Then I got to the twist…

This novel is brilliant and mindblowing! I unreservedly love it! I encourage everyone to read it.

The Genres that Scare Me

I spend a fair amount of time talking about the importance of diversity in our stories and reading culture. I fully support the #WeNeedDiverseBooks movement. I’ve made a commitment to increase the diversity of my own reading, both in terms of authors and characters.

I read two posts over the past couple of weeks which spin the idea of diverse reading in a slightly different direction:

I Can’t Even with Librarians Who Don’t Read Diversely by Molly Wetta (posted on Bookriot, August 12, 2016)

Call to Action: Get Out There and Read Something You Are “Afraid” Of by Becky Spratford (posted on RA for All, August 22, 2016)

Normally, we talk about diverse books in terms of the ethnicity and cultures of characters, authors, and story traditions. What speaks to me about the two articles linked above is the call to increase the diversity of the genres I read. The call to “read outside [my] own taste and interest” (from Bookriot), to read things I dislike or that scare me to try (as per the RA for All post).

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Diverse Books for My Kids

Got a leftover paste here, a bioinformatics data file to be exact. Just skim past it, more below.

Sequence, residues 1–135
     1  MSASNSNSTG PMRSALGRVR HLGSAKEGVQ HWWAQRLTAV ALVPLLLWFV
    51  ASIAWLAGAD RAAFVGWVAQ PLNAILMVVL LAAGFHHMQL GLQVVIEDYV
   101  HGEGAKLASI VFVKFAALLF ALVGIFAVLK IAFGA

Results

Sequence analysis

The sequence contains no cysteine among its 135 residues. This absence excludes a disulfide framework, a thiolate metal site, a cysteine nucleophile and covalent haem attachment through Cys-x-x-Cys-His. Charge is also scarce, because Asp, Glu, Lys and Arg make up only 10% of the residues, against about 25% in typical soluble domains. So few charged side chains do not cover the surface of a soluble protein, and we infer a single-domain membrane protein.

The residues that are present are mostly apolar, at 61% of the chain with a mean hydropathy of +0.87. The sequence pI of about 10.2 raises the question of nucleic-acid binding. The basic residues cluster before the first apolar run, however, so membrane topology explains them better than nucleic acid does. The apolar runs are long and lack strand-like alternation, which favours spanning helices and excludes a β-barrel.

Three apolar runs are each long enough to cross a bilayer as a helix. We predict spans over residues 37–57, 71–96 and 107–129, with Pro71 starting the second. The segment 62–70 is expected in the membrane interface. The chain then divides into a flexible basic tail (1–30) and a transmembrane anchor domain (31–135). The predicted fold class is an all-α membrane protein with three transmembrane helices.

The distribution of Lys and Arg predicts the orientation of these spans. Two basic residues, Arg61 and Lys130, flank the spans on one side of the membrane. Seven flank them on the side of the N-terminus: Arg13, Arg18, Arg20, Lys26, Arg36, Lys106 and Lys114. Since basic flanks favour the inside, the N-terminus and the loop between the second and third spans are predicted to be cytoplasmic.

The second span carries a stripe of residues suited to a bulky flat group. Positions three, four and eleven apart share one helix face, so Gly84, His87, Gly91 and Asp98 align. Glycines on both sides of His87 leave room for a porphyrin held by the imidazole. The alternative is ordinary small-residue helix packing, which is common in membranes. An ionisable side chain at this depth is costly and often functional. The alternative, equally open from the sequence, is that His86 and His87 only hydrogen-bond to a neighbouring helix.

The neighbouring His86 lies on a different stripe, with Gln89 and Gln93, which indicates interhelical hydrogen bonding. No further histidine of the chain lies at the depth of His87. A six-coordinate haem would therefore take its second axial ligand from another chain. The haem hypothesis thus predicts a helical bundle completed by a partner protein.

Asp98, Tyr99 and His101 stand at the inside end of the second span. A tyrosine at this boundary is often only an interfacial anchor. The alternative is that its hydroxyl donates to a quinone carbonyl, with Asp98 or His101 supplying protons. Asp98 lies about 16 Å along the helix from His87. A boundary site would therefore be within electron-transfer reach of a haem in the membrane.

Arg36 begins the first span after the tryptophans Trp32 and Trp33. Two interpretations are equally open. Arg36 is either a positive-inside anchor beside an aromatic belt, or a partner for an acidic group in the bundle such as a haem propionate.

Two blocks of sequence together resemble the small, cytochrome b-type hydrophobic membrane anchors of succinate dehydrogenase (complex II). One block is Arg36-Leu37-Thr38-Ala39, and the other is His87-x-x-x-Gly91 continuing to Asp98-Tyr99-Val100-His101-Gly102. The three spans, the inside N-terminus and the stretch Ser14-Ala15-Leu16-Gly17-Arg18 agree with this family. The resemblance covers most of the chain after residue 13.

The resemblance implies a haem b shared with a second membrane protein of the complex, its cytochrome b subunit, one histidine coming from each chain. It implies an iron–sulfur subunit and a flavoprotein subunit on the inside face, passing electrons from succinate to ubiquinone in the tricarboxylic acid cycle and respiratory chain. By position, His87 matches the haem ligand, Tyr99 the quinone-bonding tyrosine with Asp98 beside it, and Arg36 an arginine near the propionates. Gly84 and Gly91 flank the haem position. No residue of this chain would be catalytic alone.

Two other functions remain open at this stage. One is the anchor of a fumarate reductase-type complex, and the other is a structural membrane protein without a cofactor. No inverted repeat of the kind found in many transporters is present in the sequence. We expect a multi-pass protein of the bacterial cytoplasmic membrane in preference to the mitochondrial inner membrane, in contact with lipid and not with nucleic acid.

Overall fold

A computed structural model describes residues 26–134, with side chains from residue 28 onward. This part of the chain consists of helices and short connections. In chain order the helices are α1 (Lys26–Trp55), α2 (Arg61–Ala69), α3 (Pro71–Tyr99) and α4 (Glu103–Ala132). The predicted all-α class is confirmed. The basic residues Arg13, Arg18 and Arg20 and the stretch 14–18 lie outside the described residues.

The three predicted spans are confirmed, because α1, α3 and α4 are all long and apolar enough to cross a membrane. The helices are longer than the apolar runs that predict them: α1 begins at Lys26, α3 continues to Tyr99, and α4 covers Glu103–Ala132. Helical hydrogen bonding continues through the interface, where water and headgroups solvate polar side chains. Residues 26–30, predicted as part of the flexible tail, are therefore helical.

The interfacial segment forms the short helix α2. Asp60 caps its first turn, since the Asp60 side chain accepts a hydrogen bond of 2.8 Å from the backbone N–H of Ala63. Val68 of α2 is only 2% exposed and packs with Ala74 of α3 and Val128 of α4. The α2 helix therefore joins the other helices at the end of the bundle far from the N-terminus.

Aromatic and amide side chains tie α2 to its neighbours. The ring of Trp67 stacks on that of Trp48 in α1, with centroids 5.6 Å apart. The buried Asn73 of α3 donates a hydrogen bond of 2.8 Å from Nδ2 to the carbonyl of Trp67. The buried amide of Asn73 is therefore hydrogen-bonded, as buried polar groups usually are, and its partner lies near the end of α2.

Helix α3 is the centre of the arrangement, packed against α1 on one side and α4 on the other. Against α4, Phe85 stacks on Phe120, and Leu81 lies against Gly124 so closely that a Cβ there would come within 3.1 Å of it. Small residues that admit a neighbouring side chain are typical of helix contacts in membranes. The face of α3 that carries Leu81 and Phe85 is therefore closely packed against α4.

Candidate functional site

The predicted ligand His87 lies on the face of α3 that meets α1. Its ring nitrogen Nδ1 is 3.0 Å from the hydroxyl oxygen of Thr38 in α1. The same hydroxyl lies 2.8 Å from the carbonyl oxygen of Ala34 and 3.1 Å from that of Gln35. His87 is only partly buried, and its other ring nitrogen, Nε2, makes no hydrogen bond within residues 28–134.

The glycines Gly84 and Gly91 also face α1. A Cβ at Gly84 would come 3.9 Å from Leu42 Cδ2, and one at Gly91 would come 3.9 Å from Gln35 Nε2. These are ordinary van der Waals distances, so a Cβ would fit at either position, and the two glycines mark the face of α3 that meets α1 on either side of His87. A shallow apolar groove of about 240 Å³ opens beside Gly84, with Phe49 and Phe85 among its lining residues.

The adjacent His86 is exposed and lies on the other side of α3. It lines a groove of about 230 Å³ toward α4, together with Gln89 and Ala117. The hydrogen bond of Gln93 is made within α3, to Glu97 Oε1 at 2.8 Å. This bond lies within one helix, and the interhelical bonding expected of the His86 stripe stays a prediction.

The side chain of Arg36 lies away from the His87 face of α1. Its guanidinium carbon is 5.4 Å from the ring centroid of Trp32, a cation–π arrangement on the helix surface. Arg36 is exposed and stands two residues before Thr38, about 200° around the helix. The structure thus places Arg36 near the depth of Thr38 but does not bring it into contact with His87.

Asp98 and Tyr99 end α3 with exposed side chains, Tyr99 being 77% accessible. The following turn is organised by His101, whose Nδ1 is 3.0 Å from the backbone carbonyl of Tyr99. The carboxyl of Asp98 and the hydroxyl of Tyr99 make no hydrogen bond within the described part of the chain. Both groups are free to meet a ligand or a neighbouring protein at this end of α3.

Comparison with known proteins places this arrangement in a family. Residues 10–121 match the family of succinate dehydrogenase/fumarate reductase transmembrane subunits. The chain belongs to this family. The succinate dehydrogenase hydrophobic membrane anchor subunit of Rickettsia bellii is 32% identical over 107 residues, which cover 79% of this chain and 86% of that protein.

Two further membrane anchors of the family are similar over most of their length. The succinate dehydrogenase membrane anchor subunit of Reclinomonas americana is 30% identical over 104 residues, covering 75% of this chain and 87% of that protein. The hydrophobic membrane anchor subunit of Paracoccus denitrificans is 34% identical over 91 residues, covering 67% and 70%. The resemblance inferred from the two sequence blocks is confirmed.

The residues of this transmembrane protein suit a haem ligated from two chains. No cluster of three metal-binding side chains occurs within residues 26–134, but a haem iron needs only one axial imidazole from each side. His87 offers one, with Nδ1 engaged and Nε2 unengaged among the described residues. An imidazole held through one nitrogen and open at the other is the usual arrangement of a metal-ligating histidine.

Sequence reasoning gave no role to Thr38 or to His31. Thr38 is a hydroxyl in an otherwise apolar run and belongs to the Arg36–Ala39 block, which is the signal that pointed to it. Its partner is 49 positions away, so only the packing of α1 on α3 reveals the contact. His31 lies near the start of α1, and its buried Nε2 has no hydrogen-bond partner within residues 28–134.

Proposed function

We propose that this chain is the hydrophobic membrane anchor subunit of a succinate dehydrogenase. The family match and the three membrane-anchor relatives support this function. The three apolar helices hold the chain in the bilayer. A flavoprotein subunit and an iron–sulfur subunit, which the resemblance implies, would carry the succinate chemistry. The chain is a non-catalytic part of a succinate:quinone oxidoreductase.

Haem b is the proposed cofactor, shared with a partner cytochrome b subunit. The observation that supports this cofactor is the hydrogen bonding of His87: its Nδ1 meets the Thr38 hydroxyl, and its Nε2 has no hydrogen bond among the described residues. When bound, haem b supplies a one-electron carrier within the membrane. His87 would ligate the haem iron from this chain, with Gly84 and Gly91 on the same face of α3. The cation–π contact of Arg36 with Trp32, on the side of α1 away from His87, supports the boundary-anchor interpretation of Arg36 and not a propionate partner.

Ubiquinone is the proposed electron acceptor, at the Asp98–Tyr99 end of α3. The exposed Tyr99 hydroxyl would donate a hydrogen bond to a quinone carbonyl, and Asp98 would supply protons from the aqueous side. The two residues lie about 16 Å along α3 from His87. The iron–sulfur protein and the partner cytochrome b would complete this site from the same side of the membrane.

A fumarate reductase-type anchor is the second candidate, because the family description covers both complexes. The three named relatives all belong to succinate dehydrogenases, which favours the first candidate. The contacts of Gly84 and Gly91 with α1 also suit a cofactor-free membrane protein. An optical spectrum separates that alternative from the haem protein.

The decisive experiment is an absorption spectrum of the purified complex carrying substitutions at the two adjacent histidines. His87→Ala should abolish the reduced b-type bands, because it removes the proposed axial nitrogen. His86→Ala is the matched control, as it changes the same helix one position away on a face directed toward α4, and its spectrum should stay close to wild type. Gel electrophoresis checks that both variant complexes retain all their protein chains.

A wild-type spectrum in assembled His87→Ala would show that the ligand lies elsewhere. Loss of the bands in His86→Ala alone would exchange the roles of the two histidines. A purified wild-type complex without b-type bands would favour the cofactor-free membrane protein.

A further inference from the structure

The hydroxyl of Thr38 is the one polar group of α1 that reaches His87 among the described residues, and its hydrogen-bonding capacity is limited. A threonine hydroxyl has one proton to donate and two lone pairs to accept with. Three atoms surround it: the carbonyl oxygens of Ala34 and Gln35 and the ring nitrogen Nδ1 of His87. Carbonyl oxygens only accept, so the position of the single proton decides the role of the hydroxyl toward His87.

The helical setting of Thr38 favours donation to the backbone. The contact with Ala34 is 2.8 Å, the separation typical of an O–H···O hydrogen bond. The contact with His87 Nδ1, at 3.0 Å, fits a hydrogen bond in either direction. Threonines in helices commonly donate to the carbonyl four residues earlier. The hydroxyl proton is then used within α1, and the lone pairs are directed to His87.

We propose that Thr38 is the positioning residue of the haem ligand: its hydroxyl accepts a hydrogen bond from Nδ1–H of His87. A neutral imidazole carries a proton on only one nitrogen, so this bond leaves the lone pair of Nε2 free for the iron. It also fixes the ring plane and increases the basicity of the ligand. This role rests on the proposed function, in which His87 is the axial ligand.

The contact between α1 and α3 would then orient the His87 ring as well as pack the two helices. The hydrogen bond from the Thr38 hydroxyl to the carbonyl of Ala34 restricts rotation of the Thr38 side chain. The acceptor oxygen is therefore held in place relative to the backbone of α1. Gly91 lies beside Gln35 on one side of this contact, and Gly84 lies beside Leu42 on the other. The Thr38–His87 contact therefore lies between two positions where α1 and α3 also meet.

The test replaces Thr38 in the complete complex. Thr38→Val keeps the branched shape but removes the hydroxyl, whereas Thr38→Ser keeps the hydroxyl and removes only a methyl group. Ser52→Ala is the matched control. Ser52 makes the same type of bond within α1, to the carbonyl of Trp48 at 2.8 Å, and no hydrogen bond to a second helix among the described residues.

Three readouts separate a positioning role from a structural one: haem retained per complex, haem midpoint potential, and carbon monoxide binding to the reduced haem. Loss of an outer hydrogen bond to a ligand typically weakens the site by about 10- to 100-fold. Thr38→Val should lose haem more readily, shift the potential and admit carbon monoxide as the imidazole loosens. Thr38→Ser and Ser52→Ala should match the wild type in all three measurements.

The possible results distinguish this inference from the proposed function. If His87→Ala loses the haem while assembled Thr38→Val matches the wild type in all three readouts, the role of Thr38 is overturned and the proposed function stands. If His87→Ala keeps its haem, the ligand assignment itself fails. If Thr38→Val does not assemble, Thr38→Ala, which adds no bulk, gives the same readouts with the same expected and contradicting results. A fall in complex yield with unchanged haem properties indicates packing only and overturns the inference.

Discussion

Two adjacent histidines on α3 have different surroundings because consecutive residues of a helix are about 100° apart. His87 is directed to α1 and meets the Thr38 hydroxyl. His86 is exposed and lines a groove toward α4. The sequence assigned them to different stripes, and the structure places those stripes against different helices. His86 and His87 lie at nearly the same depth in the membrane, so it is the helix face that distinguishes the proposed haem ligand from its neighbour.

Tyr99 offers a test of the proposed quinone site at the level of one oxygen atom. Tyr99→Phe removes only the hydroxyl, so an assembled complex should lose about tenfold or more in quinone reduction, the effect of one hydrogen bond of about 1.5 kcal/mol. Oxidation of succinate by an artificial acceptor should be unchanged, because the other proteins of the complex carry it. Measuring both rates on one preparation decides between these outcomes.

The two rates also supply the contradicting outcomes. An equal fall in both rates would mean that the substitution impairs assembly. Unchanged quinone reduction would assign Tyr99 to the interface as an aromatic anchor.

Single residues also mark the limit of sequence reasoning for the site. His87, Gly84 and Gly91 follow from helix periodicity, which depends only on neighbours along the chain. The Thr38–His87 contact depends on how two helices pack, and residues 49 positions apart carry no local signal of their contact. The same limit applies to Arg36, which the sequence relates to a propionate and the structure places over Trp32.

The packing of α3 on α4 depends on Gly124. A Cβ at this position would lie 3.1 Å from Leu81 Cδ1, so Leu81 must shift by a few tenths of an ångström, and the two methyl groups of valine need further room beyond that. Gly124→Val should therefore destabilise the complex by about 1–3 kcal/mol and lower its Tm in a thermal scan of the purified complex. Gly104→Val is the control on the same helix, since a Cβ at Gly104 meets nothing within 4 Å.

The Snowy Day by Ezra Jack Keats
The Snowy Day by Ezra Jack Keats
Viking Press, 1962

Please read this article from Rumaan Alam. What he has to say is essential.

We Don’t Only Need More Diverse Books. We Need More Diverse Books Like The Snowy Day.
by Rumaan Alam (published by Slate, August 2, 2016)

We need diverse books to be sure, but those must be part of a literature that reflects our reality, books in which little black boys push one another on the swings, in which little black girls daydream about working in the zoo, in which kids of every color do what kids of every color do every day: tromp through the woods, obsess about trucks, love their parents, refuse to eat dinner. We need more books in which our kids are simply themselves, and in which that is enough.

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Childhood Memory: Found

The Trigan Empire by Mike Butterworth & Don Lawrence
The Trigan Empire written by Mike Butterworth & artwork by Don Lawrence
Chartwell Publishers, 1978
(inside title page)

Without further ado, I present my long lost childhood memory:

The Trigan Empire, written by Mike Butterworth with artwork by Don Lawrence.

This is definitely the book my siblings and I read as kids. As fragmentary as my memories of it are, I was shocked at how familiar it felt to read through it again as an adult. I found that I remembered almost every page as it was revealed to me. And I was delighted to discover that the copy I received via ILL came from a public library in my home state. Seems appropriate.

The Trigan Empire was a comic that ran from 1965 to 1982, published in Britain by Fleetway, with Butterworth and Lawrence as the primary writer and artist. It ran as a serial installment in an educational magazine focused on science. The hardbound novel-length book my siblings and I read was an omnibus collection of the earliest stories from the comic, published in the United States in 1978 by Chartwell.

What’s it about?